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Android App Permission in Google Play Contains Security Flaw

Android's app permission mechanisms could allow malicious apps in Google Play to download directly onto the device.

Security researchers discovered a security vulnerability in Android's app permission model that could allow malicious apps to download onto the mobile device directly from Google Play and launch ransomware, adware, and banking malware, according to a Check Point Software blog post today.

Check Point found the flaw in Android version 6.0.0., otherwise known as the Marshmallow.

"As a temporary solution, Google applied a patch in Android version 6.0.1 that allows the Play Store app to grant run-time permissions, which are later used to grant SYSTEM_ALERT_WINDOW permission to apps installed from the app store. This means that a malicious app downloaded directly from the app store will be automatically granted this dangerous permission," Check Point wrote in a blog post today.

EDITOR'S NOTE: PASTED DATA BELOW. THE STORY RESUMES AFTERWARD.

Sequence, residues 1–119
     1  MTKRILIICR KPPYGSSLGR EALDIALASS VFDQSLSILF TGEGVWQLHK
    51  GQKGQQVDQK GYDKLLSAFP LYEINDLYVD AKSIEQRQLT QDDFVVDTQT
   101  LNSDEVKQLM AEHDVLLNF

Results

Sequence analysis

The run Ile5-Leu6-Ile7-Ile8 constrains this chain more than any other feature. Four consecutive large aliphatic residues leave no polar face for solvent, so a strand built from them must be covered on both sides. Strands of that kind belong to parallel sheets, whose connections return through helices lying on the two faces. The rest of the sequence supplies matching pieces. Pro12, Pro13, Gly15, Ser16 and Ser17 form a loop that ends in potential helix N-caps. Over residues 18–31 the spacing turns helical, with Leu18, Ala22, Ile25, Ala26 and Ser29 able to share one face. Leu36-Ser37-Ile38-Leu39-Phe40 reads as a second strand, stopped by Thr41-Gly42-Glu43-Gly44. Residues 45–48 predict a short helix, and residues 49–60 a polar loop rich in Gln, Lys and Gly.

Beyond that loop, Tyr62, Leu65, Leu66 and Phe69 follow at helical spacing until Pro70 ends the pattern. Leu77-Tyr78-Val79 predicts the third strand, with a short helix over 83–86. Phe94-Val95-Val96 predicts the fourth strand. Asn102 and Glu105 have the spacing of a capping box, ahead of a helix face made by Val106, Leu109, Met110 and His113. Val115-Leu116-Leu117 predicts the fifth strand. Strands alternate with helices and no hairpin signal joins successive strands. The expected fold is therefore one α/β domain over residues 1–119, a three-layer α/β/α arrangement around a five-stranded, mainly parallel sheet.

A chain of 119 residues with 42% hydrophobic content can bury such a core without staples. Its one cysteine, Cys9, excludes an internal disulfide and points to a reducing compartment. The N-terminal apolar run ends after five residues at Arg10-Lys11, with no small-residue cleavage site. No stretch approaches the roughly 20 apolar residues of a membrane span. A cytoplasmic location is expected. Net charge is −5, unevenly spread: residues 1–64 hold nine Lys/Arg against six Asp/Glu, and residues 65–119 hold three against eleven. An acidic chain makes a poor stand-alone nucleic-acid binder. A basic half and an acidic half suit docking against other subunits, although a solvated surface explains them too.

The SYSTEM-ALERT-WINDOW mechanism will also effectively bypass security mechanisms introduced in the previous version of Android, according to Check Point.

Google plans to fix the issue in its upcoming "Android 0" version. 

Read more about the Android vulnerability here.